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The tribute that vice pays to virtue

Here's a pretty old post from the blog archives of Geekery Today; it was written about 17 years ago, in 2007, on the World Wide Web.

So it turns out that yesterday was officially proclaimed Milton Friedman Day in the state of California, by executive edict of the Governor. Because, really, what better way is there to honor a libertarian intellectual’s memory than to get a tax-raising, insurance-mandating government windbag to proclaim a day for praising his accomplishments and influence?

I was busy working for a living last night; so I seem to have missed the Spontaneous Demonstration. Well, damn. Maybe I can catch the next big event, like when the USPS issues a Lysander Spooner stamp.

4 replies to The tribute that vice pays to virtue Use a feed to Follow replies to this article

  1. Sergio Méndez

    I don´t think it is that ironic Charles. It will have been more appropiate if the “Milton Friedman day” was declared in Chile, since that sort of pinochetean statism was more of his taste.

  2. Rad Geek


    I don’t think that Friedman deserves as much blame for the atrocities in Pinochet’s Chile as is commonly thought on the Left. Not because I buy into the idiotic romanticizing of Pinochet that some so-called libertarians have indulged in, but rather because Friedman’s personal complicity with the regime was actually vanishingly small.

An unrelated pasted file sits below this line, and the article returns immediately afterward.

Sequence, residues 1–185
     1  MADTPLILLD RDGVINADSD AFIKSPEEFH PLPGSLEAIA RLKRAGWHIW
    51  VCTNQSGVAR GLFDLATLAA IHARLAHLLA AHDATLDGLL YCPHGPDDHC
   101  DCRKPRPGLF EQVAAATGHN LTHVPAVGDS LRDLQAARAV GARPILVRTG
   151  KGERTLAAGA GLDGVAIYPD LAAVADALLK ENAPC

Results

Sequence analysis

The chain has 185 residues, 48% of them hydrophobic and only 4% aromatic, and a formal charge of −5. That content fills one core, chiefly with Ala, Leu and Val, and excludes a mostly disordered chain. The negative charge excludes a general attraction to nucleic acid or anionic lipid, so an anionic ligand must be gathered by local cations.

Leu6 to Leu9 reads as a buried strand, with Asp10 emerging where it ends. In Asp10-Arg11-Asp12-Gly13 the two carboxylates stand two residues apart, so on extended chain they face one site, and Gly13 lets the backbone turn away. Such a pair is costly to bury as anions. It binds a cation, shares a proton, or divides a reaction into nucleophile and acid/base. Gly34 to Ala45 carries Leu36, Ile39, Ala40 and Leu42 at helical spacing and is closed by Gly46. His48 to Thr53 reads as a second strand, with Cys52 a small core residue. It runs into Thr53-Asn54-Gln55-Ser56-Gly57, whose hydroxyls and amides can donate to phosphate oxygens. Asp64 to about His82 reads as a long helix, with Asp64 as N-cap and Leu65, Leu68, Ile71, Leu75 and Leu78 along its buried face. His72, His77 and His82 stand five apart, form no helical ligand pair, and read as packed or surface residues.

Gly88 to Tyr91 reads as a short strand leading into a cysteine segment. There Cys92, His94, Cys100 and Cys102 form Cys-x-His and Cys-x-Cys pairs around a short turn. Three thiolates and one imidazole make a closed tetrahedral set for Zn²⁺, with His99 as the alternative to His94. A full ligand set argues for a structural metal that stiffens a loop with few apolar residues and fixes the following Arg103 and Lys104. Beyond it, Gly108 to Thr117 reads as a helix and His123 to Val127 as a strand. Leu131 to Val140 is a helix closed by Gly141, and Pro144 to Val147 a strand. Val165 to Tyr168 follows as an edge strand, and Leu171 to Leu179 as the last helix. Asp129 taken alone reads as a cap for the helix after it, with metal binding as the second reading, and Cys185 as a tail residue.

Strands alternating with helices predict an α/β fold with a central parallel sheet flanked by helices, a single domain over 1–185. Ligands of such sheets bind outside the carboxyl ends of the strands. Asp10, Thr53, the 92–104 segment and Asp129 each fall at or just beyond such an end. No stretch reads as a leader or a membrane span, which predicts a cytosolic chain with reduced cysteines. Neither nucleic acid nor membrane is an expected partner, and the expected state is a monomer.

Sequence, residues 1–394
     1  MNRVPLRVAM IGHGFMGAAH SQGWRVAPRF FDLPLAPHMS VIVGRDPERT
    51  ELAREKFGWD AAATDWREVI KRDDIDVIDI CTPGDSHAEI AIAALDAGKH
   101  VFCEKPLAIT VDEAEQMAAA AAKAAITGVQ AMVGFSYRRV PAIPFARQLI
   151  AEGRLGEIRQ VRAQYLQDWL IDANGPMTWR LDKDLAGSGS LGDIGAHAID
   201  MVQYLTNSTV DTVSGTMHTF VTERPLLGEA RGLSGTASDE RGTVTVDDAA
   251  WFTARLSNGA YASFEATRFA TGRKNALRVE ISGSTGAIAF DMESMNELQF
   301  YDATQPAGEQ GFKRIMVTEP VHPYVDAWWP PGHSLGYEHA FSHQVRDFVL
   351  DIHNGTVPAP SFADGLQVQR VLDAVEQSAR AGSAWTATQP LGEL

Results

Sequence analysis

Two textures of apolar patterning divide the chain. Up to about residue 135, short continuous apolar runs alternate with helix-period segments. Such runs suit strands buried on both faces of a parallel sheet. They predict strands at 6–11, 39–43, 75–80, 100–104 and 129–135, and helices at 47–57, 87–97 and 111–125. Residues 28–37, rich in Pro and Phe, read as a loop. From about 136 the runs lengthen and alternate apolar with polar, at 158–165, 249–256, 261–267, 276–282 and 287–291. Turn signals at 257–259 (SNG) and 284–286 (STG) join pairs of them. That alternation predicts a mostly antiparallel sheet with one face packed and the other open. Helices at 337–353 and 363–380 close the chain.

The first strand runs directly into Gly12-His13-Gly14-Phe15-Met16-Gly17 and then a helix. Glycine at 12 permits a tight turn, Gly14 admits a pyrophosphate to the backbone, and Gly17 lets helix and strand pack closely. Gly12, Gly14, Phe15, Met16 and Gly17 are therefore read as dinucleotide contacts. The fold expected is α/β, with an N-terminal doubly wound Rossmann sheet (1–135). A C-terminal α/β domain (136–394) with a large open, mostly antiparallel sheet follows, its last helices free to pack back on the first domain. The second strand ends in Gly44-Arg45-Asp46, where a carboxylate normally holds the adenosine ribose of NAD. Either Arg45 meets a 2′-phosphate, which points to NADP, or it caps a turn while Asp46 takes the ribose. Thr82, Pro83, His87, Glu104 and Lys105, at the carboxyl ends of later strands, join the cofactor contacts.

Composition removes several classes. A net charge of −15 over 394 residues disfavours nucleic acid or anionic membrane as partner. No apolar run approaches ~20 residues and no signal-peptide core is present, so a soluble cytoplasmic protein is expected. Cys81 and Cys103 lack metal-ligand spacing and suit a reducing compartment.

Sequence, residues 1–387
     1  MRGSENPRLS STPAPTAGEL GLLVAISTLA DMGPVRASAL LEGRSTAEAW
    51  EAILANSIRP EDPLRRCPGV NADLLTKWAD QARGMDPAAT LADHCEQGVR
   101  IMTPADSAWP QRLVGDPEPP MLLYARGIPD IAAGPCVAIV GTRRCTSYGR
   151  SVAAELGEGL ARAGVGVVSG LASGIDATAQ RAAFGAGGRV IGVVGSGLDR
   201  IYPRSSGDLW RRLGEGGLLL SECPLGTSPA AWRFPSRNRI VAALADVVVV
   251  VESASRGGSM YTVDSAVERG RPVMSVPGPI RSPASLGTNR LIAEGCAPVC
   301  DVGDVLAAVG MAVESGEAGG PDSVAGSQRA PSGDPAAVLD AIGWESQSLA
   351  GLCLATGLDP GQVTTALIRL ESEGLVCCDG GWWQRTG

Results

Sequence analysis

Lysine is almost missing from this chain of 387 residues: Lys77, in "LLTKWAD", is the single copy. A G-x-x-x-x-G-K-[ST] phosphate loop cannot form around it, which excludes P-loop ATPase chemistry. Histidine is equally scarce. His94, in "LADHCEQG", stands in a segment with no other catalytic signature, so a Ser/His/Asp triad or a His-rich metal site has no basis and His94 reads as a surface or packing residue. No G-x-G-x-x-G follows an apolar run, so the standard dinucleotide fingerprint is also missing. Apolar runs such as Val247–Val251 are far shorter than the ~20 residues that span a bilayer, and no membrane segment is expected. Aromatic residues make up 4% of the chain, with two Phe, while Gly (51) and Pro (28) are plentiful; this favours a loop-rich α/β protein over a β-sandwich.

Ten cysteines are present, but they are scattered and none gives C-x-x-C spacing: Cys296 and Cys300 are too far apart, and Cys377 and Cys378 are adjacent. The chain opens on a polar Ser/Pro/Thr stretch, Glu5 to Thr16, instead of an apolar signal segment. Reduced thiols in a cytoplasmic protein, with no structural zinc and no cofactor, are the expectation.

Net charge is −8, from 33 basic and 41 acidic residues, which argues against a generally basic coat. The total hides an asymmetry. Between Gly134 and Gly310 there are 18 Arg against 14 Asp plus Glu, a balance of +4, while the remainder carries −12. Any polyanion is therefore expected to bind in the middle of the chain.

Friedman commonly gets blamed for the actions of his Chilean students who became active collaborators with, or members of, the regime; but it hardly seems fair to hold him responsible for their activities. Friedman himself was pretty clear, both at the time and in later years, that he condemned the use of political terror.

    He does deserve some personal blame for soft-pedaling the regime in his public statements, and for blurring the distinction between Pinochetean corporatism and genuine free markets in the name of anti-communism. (That latter was a general problem of Friedman’s, connected with his enthusiasm for gradualist transitions out of statism.) I think both of these were signs of both moral and intellectual vice, but it isn’t fair to suggest that he was as enthusiastic about the Pinochet regime as is often suggested.

  3. Dain

    If Friedman is to be blamed for aiding a right-wing regime, he needs to be equally blamed for aiding a left-wing one, as he did in China in 1988.

    Also, we should balance our critique of Friedman with at least SOME mention of Galbraith – his intelletual nemesis – who supported Nehru in perpetuating poverty inducing polices in India.

  4. Dain

    Actually I take back the last part. Nehru was not Pinochet. Bad comparison.

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